On day five drive east along the coast to Riohacha, gateway to La Guajira—a desert region populated by the fiercely independent but friendly Wayúu peoples. Your destination is Sainn Wayúu, one of several rancherías (indigenous communities) within one hour of Riohacha and a great place for children to interact with Wayúu children and learn about their culture.

On your last day, rise early for the 100-mile, dusty journey through the cactus-studded desert to windswept Cabo de la Vela, the Guajira region’s ecotourism enclave. Kids can play on the beaches or try kite-surfing while parents shop for colorful Wayúu jewelry, hammocks, or woven bags called mochilas. Rise early on your final day for the drive back to Riohacha and your onward flight to Bogotá, then home. 

#3 Cali, Popayán, and San Agustín (Ideal for Adults, Adolescents, and Teens)

Totems in a pre-Columbian tomb at San Agustín

Southern Colombia is a gem that receives relatively few foreign visitors. You’ll wonder why as you revel in all it has to offer on this week-long adventure. Begin by arriving in Bogotá (See Itinerary #2 for your best options for things to do). Then fly south to Cali, one of Colombia’s hippest cities and its undisputed capital of salsa (the music and dance form, not the sauce). Cali has a walkable colonial center; don’t miss the impressive Museo de Arte Colonial. The city also boasts the nation’s most impressive zoo—the world-class Zoológico de Calí—where spectacled bears, giant anteaters, and other rare endemic creatures can be admired almost within fingertip reach.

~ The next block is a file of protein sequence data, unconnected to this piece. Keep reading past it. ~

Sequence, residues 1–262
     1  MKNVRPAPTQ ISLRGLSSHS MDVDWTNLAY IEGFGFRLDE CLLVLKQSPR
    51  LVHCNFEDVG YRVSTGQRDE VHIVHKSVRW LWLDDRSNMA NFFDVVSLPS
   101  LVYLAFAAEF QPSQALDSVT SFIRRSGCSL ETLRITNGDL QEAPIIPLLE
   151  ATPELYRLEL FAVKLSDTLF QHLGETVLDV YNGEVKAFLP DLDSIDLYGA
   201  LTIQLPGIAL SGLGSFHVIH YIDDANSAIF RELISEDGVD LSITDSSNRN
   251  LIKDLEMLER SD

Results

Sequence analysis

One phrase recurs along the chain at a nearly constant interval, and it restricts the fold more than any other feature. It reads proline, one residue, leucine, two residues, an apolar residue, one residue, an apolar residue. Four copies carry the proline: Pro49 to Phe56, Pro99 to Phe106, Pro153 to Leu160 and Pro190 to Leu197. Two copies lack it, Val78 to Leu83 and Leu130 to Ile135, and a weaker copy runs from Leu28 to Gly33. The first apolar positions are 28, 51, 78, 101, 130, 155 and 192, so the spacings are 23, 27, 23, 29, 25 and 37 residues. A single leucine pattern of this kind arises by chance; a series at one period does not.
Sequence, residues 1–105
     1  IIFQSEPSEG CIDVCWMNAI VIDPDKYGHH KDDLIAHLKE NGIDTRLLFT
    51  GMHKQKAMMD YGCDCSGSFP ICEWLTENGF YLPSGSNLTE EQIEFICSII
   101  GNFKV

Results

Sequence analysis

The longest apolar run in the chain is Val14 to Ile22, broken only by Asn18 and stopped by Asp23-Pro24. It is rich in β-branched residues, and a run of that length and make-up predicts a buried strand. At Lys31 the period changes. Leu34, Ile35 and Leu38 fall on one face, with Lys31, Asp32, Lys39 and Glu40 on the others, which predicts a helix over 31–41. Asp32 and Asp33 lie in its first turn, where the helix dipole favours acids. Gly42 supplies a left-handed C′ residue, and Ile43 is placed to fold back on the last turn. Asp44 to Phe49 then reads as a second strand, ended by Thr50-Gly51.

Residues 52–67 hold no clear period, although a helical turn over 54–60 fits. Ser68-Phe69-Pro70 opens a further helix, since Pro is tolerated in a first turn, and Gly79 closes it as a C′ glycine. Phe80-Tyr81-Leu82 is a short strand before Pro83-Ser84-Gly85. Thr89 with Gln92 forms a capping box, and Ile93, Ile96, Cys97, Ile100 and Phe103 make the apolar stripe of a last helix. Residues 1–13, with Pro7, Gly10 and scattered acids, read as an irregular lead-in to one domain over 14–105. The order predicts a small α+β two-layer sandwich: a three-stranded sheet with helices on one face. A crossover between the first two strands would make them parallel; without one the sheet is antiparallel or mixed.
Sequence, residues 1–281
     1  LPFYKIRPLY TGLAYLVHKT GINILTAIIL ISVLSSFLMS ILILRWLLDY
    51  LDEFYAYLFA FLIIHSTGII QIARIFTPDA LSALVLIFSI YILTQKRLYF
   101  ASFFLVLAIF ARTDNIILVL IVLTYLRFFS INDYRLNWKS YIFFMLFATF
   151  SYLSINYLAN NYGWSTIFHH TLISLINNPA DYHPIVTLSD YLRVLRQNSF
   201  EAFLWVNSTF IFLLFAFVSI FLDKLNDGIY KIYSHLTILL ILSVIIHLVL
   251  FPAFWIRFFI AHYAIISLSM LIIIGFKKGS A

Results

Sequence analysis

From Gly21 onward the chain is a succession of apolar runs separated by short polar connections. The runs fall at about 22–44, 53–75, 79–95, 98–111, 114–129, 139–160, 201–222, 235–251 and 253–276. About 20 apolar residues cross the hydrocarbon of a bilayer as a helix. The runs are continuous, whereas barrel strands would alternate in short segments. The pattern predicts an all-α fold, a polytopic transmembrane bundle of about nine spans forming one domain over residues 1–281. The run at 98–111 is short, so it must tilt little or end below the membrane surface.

Love to dance? Cali’s sexy salsa vibe is irresistible, and people flock here to learn to dance like a pro—the city boasts more than 200 schools. We recommend Tango Vivo y Salsa Viva, which has classes for children. On day three drive south through the Valle de Cauca to the town of  Piendamó. Turn left (east) for Silvia and Guambia, two mountain market towns populated by the Guambiano peoples, who all dress alike in trademark black and blue tunics and pork-pie hats. Time permitting, take a guided horseback excursion to outlying Guambiano hamlets. Returning to the main highway, continue south for 25 miles to Popayán—the "White City"—notable for its many whitewashed colonial churches and lovely historic hotels.

Next day the real adventure begins as you drive east via Carretera 20 across the Andes and through remote and rugged Parque Nacional Natural Puracé. Keep your eyes peeled for tapirs as you cross the marshy, mist-shrouded paramó (high plateau) grasslands before descending to the lovely hill town of San Agustín. Overnight at one of the lovely lodges. Adolescents and teens will enjoy roaming the hundreds of surreal pre-Columbian monuments—from fierce warrior figures to frogs and monkeys—at Parque Arqueológico Nacional de San Agustín. Visiting the various sites will take up all of day five; a horseback ride is an efficient way to get between them.  

On your last day, drive north through the valley of the Río Magdalena to Parque Arqueológico Nacional Tierradentro and explore the eerie underground funerary tombs carved into the bedrock. End your day in the city of Neiva, from where you can fly to Bogotá on the morning of day seven for your departure flight. Or, stick around Bogotá and enjoy some of these fun activities